*This is a crosspost from this MSE question from a year ago.*

Consider the smooth four-manifold $M = (S^1\times S^3)\#(S^1\times S^3)\#(S^2\times S^2)$. Does $M$ admit a symplectic form?

If $\omega$ is a symplectic form, then the real cohomology class $[\omega]$ satisfies $[\omega]^2 = [\omega^2] \neq 0$. Note that $H^*(M; \mathbb{R})$ has such classes.

Recall that a symplectic manifold admits an almost complex structure. In general, a closed four-manifold $N$ admits an almost complex structure if and only if there is $c \in H^2(N; \mathbb{Z})$ such that $c \equiv w_2(N) \bmod 2$ and $c^2 = 2\chi(N) + 3\sigma(N)$. As $M$ is spin (i.e. $w_2(M) = 0$), and $\chi(M) = \sigma(M) = 0$, the class $c = 0$ satisfies the two conditions so $M$ admits an almost complex structure.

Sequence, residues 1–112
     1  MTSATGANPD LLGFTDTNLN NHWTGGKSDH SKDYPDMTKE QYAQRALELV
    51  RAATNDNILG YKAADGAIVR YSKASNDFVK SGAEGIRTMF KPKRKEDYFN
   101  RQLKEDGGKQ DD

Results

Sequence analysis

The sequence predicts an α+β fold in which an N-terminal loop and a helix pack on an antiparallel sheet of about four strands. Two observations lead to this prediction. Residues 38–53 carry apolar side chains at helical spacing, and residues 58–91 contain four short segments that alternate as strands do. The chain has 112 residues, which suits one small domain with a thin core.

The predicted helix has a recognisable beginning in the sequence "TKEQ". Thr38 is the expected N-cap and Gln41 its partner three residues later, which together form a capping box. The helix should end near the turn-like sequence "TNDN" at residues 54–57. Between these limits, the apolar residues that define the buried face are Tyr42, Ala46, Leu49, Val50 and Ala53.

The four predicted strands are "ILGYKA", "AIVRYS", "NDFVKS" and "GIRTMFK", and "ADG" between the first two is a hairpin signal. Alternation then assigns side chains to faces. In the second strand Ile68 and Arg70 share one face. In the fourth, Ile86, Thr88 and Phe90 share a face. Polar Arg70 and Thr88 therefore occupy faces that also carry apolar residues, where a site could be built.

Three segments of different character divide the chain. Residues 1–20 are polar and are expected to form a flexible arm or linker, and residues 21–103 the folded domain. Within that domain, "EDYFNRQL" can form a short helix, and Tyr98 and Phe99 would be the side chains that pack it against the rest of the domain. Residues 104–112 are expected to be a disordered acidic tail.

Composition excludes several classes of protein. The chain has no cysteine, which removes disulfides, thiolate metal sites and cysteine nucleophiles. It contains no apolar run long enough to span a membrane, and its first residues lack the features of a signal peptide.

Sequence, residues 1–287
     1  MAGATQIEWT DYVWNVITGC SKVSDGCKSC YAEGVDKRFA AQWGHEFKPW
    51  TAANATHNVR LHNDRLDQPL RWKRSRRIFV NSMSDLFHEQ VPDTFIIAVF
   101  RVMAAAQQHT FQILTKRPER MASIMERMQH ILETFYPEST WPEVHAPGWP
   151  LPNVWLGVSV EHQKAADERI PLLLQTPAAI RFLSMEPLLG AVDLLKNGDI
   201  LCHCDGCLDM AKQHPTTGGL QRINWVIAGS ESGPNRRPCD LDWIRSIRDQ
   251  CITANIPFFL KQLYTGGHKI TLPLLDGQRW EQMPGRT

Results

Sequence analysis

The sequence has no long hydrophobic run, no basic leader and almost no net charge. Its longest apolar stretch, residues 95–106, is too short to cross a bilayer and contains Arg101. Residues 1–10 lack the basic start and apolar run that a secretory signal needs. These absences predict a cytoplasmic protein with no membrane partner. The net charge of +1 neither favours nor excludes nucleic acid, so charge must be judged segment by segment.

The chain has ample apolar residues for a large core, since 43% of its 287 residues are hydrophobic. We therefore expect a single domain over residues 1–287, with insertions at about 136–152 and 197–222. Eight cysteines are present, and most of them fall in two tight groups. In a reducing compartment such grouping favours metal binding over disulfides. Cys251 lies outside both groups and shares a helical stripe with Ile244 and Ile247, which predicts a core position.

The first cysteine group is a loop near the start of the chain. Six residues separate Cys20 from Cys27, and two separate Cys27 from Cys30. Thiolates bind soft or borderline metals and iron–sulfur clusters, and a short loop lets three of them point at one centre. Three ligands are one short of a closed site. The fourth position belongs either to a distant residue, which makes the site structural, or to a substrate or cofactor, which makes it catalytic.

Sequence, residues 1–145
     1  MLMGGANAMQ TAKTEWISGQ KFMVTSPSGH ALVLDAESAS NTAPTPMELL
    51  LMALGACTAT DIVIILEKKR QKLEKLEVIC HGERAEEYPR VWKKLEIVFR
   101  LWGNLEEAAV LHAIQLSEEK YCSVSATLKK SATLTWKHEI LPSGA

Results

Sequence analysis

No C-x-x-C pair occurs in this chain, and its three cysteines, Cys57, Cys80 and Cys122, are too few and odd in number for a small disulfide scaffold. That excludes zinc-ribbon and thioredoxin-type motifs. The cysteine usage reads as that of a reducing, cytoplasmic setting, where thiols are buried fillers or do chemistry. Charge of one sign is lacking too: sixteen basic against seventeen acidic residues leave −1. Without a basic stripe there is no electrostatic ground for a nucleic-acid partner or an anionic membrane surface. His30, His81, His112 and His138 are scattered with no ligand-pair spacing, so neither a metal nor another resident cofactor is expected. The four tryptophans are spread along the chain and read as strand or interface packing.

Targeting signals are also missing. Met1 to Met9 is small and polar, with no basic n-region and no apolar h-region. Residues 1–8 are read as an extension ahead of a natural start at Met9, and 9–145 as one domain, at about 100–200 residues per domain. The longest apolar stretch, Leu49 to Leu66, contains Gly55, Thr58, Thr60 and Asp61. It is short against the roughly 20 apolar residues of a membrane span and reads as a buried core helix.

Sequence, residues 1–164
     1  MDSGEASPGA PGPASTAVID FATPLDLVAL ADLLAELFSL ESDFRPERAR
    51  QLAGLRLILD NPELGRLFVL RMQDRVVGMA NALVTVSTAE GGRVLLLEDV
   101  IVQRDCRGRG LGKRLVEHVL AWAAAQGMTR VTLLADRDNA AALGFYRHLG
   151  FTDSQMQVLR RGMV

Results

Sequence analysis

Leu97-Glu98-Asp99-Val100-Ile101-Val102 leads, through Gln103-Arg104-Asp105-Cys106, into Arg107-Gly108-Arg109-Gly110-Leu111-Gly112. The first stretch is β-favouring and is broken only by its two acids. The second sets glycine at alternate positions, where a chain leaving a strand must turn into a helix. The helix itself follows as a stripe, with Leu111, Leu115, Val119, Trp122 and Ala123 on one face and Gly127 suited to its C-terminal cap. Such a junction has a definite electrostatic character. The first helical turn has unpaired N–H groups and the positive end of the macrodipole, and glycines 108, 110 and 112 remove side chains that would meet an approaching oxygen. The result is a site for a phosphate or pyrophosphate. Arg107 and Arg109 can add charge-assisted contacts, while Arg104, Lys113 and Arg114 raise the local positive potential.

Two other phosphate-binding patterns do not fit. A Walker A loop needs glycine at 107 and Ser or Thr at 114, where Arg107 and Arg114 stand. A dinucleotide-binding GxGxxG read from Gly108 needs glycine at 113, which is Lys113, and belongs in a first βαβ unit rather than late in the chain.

In addition to the above, the vanishing of $w_2(M)$, $\chi(M)$, and $\sigma(M)$ implies that $M$ is parallelisable by the Dold-Whitney Theorem. Moreover, it follows from our knowledge of complex surfaces that $M$ does not admit a complex structure, i.e. $M$ admits almost complex structures, but none of them are integrable.

One special aspect of symplectic manifolds in dimension four is that they have a non-trivial Seiberg-Witten invariant by a theorem of Taubes. When $b^+ \geq 2$, a non-trivial Seiberg-Witten invariant implies that no metric of positive scalar curvature exists, but in this case $b^+(M) = 1$ and $M$ does admit a metric of positive scalar curvature. I'm not sure if a deeper understanding of Seiberg-Witten theory could be used to provide a negative answer to the above question. In particular, I don't know if $M$ has a non-trivial Seiberg-Witten invariant.